Do you feel there is a rise in Hindutva that may harm the pluralism of India?

It’s really interesting talking to my parents because my mum grew up in a small village near Patiala and she said, “We grew up with every single religion around us, Sikhs, Hindus, Muslims” and she said “when they celebrated Id they would bring us sweetmeats and would join in when we had Diwali”. Nobody is forcing anybody else to change their reli­gion, each does what they want to do, you coexist peacefully, but you respect each other’s differences. It’s really that simple. That’s actually one of the things that made India, and quite rightly being the title of the biggest and most successful democracy in the world, something we were really proud of.

Are you concerned about how it may affect India?

I think there is always a concern when things veer towards fundamentalism in any form because you know amongst the first victims are free speech and women, always, doesn’t matter what group it is. Any country that fears other groups is a weak country. I think India is too old and too strong for that. India always remains India somehow, you know. You look at these centuries of how many times we have been invaded, put in chains, plundered and colonised and India is still India, the spirit of India is always there and it’s too strong for anybody to break.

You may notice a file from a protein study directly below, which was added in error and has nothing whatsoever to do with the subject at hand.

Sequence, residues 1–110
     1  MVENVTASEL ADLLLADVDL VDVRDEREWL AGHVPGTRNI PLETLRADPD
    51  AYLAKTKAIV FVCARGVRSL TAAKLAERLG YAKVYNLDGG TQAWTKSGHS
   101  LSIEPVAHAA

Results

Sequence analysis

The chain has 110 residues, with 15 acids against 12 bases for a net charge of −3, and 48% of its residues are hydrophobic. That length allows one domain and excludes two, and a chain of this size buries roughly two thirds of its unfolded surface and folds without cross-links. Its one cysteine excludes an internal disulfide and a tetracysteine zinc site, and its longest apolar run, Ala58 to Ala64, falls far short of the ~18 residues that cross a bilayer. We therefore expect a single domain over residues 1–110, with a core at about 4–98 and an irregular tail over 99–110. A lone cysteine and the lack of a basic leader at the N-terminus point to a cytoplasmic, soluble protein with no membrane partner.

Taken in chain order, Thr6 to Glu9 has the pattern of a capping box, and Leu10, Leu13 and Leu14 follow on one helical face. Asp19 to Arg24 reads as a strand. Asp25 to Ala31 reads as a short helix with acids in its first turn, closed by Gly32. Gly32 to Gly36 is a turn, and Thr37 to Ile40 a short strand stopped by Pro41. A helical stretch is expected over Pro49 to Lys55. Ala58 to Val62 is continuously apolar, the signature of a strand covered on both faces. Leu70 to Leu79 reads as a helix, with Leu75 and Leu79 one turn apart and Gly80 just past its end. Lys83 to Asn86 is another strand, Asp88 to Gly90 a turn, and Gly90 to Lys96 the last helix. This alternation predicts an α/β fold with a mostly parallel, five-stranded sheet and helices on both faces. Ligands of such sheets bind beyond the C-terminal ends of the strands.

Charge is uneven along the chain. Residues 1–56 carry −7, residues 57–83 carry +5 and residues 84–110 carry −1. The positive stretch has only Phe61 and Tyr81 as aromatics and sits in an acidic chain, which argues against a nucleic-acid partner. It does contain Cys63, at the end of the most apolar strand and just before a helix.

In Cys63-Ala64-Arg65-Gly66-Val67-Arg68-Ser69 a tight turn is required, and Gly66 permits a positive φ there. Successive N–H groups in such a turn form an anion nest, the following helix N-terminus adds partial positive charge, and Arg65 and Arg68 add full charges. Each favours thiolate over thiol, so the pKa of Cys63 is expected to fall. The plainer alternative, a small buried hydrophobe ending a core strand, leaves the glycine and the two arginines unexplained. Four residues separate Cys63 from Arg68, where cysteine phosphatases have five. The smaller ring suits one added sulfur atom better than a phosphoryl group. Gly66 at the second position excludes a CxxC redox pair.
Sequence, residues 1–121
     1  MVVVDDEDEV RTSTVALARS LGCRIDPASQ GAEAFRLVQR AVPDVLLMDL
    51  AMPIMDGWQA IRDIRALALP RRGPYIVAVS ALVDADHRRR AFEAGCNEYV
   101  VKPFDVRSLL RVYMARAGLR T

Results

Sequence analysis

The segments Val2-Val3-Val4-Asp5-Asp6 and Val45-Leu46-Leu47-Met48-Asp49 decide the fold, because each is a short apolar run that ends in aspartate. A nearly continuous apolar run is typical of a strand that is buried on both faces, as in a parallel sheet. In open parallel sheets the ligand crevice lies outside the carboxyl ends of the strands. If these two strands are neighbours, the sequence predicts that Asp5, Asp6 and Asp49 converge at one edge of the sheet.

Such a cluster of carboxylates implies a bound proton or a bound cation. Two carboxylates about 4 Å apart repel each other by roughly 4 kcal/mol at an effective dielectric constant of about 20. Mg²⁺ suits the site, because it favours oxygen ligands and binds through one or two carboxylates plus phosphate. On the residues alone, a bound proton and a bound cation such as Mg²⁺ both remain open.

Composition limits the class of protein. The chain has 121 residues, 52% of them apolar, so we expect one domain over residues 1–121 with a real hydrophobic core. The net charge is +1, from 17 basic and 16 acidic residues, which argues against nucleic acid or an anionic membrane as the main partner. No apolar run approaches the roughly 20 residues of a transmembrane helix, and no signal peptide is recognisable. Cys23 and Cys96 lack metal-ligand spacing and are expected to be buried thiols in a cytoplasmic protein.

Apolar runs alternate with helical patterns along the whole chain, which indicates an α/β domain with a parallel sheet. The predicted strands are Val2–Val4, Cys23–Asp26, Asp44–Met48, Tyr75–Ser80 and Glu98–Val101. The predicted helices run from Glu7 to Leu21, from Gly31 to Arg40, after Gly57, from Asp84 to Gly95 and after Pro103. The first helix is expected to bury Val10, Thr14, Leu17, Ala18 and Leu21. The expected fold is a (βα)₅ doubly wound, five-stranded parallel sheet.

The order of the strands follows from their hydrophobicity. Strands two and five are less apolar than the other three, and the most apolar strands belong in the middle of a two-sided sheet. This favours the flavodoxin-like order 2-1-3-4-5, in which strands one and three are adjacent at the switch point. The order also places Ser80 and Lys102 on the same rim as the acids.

Is there anything in India that you would like to see changed?

I am not sure I am qualified to make any suggestions, I don’t live there, and I don’t want to be the kind of person that is sitting 5,000 miles away and saying, you should do this and that. I know what I feel when I go over there. I see a country which has not even scratched the surface of its pot­ential. I have always known I come from an incredibly rich, beautiful culture that I am really proud of in so many ways. That won’t change. But now what I see is this really vocal, passionate generation that is really knocking down the old traditions and questioning things in a very interesting way. The only thing I hope is that, in a rush to be on a par with the West, we don’t become the West, because we have so much that is unique and beautiful that we need to hold on to, and rather learn from the mistakes the West has made, don’t make them.

In the early and mid-’90s most Ind­ian-origin Britons refused to ack­nowledge their origins, but now it is different, what has changed?

I know, somewhere around 1999 we suddenly became cool, I don’t know what happened. Before that, it was really cool to be Black, not surprising, the music and the literature that came from the community was inspirational and everybody wanted to be a part of that. And suddenly what happened. Around the time when Bom­bay Dreams (the Andrew Lloyd Webber musi­cal Syal wrote the script for) came out, it’s like people rediscovered us. We were briefly in fashion in the ’60s when everyone wanted to do the hippie thing, but seriously, it’s had a lot to do with economic resurgence in India, a lot to do with the flowering of the community here, who, you know, were not getting rid of their roots but actually celebrating them and celebrating both cultures. That whole generation, that I am part of, that came up with Goodness Gracious Me, Nitin Sawhney’s music and Tanika Gupta and all those people from that generation, plus the millionaires—we kind of proved to people that far from being a mixed-up crazy generation, we were actually benefiting hugely from having both and enjoying our differences.